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Wednesday, 11 September, 2002, 12:56 GMT 13:56 UK
New 'moon' found around Earth
There could be another one
There could be another one

An amateur astronomer may have found another moon of the Earth. Experts say it may have only just arrived.

Much uncertainty surrounds the mysterious object, designated J002E3. It could be a passing chunk of rock captured by the Earth's gravity, or it could be a discarded rocket casing coming back to our region of space.

It was discovered by Bill Yeung, from his observatory in Arizona, US, and reported as a passing Near-Earth Object.

It was soon realised, however, that far from passing us, it was in fact in a 50-day orbit around the Earth.

Paul Chodas, of the American space agency's Jet Propulsion Laboratory in California, says it must have just arrived or it would have been easily detected long ago.

Calculations suggest it may have been captured earlier this year.

Moon or junk?

When he detected the object, Bill Yeung contacted the Minor Planet Center in Massachusetts, the clearing house for such discoveries, which gave it the designation J002E3 and posted it on their Near-Earth Object Confirmation webpage.

Soon, however, the object's motion suggested it was in an orbit around the Earth. Its movements had all the hallmarks of being a spent rocket casing or other piece of space junk.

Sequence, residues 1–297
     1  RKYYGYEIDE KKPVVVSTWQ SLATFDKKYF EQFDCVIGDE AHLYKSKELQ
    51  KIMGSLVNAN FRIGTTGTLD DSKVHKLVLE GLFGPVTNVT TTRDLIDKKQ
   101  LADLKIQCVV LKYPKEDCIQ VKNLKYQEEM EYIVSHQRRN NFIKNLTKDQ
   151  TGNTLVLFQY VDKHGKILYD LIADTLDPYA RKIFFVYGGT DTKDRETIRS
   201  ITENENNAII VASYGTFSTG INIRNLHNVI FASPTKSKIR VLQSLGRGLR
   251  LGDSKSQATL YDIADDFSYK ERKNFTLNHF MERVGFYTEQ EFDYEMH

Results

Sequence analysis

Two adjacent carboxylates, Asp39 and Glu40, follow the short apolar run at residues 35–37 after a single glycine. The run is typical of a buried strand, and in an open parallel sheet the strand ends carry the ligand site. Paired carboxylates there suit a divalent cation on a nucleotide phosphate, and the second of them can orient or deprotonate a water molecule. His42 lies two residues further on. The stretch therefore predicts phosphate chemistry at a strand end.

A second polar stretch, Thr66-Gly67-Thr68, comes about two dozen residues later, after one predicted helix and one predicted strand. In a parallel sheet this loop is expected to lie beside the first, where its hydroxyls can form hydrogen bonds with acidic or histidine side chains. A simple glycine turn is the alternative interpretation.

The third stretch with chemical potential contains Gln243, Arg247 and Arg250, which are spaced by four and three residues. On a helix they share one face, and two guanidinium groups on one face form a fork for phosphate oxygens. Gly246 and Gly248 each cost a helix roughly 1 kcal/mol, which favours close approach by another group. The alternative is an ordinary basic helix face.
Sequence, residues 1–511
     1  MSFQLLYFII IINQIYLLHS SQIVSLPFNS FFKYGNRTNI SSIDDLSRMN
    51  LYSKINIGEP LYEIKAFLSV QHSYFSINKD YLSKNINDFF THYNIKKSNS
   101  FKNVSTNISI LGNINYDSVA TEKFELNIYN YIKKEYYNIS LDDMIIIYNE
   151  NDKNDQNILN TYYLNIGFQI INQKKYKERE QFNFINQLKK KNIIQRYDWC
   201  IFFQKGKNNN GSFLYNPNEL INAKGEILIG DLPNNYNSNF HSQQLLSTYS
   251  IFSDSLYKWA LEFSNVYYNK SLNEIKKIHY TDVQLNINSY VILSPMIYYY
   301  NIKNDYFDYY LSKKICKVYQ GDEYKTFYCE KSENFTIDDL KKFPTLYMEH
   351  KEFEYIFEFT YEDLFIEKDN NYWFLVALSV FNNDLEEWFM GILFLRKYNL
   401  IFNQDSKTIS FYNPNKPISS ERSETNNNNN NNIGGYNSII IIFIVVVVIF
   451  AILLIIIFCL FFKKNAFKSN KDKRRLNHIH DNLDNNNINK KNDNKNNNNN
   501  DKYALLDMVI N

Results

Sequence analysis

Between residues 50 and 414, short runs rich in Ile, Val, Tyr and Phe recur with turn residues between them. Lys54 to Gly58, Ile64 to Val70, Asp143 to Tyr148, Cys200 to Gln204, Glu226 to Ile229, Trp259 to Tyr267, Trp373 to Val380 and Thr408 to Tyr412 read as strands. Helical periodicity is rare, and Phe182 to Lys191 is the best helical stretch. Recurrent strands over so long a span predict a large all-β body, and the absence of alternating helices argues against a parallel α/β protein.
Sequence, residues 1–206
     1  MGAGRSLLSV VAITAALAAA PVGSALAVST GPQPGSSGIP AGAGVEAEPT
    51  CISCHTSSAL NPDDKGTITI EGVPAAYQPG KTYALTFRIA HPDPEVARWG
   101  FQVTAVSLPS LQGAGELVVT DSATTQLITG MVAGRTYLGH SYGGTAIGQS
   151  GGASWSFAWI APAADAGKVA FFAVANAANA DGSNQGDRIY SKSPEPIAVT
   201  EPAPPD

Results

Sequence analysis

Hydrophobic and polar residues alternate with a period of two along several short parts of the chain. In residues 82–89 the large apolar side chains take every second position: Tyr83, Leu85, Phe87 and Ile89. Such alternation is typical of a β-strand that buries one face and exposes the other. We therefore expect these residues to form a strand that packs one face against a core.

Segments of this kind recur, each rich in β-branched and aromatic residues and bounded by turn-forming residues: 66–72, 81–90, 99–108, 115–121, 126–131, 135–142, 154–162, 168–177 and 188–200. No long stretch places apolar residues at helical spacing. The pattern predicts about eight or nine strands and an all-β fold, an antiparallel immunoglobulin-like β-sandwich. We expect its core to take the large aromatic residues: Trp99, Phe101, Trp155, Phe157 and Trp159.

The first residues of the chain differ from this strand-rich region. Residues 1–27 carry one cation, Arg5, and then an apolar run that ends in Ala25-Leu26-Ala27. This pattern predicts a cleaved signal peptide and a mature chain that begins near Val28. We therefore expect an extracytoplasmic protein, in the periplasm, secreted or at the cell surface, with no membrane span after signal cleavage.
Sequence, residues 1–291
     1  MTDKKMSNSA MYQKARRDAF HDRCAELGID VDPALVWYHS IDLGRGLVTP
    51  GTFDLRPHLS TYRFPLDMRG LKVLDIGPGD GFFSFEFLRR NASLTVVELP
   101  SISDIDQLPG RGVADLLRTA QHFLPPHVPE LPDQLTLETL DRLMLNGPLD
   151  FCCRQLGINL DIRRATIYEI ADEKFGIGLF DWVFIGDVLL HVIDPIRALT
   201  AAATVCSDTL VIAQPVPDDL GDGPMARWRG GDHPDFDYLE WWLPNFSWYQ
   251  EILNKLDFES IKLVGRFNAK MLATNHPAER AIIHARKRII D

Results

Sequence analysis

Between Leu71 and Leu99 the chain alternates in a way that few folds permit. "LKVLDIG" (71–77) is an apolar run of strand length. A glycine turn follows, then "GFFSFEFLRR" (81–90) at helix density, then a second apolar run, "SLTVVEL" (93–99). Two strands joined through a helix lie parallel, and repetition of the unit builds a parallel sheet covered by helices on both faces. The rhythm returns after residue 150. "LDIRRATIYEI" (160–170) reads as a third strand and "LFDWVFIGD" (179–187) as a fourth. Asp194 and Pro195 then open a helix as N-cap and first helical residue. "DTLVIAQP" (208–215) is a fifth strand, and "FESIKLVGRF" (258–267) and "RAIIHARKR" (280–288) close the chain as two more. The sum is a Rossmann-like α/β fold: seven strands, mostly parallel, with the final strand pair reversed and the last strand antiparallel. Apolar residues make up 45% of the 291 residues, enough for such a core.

But experts are not completely sure what exactly the object is.

Observations made by Tony Beresford in Australia indicate that the object's position does not match any known piece of space junk.

Observations made in Europe have failed to see any variations in brightness that might be expected from a slowly spinning metallic object.

Paul Chodas says the object must have arrived quite recently or else it would have been easily detected by any of several automated sky surveys that astronomers are conducting.

Its trajectory suggests that it may have been captured in April or May of this year, but there is still some uncertainty about this.

If it is determined that J002E3 is natural it will become Earth's third natural satellite.

Earth's second one is called Cruithne. It was discovered in 1986 and it takes a convoluted horseshoe path around our planet as it is tossed about by the Earth's and the Moon's gravity.

See also:

16 Jan 02 | Science/Nature
16 Jul 99 | The moon landing
20 Jul 99 | Science/Nature
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